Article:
5. Niyama - Worship | Īśvarapūjana
Summary of the Fifth Observance
Cultivate devotion through daily worship and meditation.
Set aside one room of your home as God’s shrine.
Offer fruit, flowers or food daily.
Learn a simple pūjā and the chants. Meditate after each pūjā.
Visit your shrine before and after leaving the house.
Worship in heartfelt devotion, clearing the inner channels to God, Devas and guru so their grace flows toward you and loved ones.
The Fifth Observance
Īśvarapūjana / ईश्वरपूजन
Worship, Īśvarapūjana, is the fifth niyama.
Let us declare, in the last analysis, that human life is either worship or warship, higher nature or lower nature. We need say no more. But we will.
The brief explanation for Īśvarapūjana is to cultivate devotion through daily worship and meditation. The soul’s evolution from its conception is based solely on Īśvarapūjana, the return to the source:
In the irul pāda, the stage of darkness, its return to the source is more imminent than actual. The burning desire is there, driven by the instinctive feelings and emotions of living within the seven chakras below the Mūlādhāra.
There is a natural seeking on the way up. People here will worship almost anything to get out of this predicament:
Bound in blind faith, with the absence of a coherent intellect guided by reason, and the absence of a matured intellect developed by superconscious experience, they struggle out of their shell of ignorance, through worship, to a better life:
The small thread of intuition keeps assuring them it is there, within their reach if they but strive. They call God, they fear God, seek to be close to Him and see Him as oh-so-far away.
When they are matured and stepping into adolescence in the marul pāda, where confusion prevails, worship and the trappings and traditions that go with it seem to be primitive, unreasonable and can all well be dispensed with:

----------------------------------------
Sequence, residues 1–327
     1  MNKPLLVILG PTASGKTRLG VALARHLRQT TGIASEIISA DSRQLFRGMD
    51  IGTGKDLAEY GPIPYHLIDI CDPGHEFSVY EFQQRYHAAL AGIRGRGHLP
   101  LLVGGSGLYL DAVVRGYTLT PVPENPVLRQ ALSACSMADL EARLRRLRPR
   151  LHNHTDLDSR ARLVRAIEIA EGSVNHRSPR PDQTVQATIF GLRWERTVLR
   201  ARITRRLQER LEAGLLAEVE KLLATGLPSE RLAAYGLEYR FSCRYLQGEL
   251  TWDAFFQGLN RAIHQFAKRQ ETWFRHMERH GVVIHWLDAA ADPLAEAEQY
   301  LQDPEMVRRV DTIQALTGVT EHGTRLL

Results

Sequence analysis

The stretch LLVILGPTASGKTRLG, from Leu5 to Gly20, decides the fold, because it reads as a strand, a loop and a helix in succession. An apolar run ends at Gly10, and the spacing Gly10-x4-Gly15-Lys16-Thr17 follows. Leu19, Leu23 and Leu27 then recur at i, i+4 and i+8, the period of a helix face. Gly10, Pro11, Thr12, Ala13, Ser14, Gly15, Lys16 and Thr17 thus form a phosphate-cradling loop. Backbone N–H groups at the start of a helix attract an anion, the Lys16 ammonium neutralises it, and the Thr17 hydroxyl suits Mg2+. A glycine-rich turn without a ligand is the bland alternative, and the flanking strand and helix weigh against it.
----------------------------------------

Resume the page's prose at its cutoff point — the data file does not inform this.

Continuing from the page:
It is here that a young lady looks into the mirror and says, “What a fine person! I am more beautiful than all the other girls I know.” A young man may likewise be conceited about his looks or physique:
Worship still exists, but is tied closely to narcissism.
It is only in the stage of grace, arul, and on its doorstep that true worship arises, which is invoking and opening up to the great beings, God and devas, in order to commune with them.
Faith, āstikya, creates the attitudes for the action of worship:
We can see that from the soul’s conception to its fullness of maturity into the final merger with God Śiva Himself, worship, communication, looking up, blending with, is truly monistic Śaiva Siddhāṅta, the final conclusions for all mankind.
Worship could be defined as communication on a very high level:
a truly sophisticated form of “channelling,” as New-Age people might say; clairvoyant or clairaudient experience, as mystics would describe it; or heart-felt love interchanged between Deity and devotee, as the ordinary person would describe it.
Worship for the Hindu is on many levels and of many kinds:
At home, children worship their father and mother as God and Goddess because they love them. The husband worships his wife as a Goddess. The wife worships her husband as a god.
In the shrine room, the entire family together worships icons of Gods, Goddesses and saints, beseeching them as their dear friends. The family goes to the temple daily, or at least once a week, attends seasonal festivals and takes a far-of pilgrimage once a year.
Worship is the binding force that keeps the Hindu family together.
On a deeper level, external worship is internalized, worshiping God within through meditation and contemplation. This form of worship leads into yoga and profound mystical experiences.
Rites of Worship
Many people are afraid to do pūjā, specific, traditional rites of worship, because they feel they don’t have enough training or don’t understand the mystical principles behind it well enough.
Most Hindus depend on the priests to perform the pūjās and sacraments for them, or to train them to perform home pūjā and give them permission to do so through initiation, called dīkṣā.
However, simple pūjās may be performed by anyone wishing to invoke grace from God, Mahādevas and devas.
Love and dedication and the outpouring from the highest chakras of spiritual energies of the lay devotee are often greater than any professional priest could summon within himself.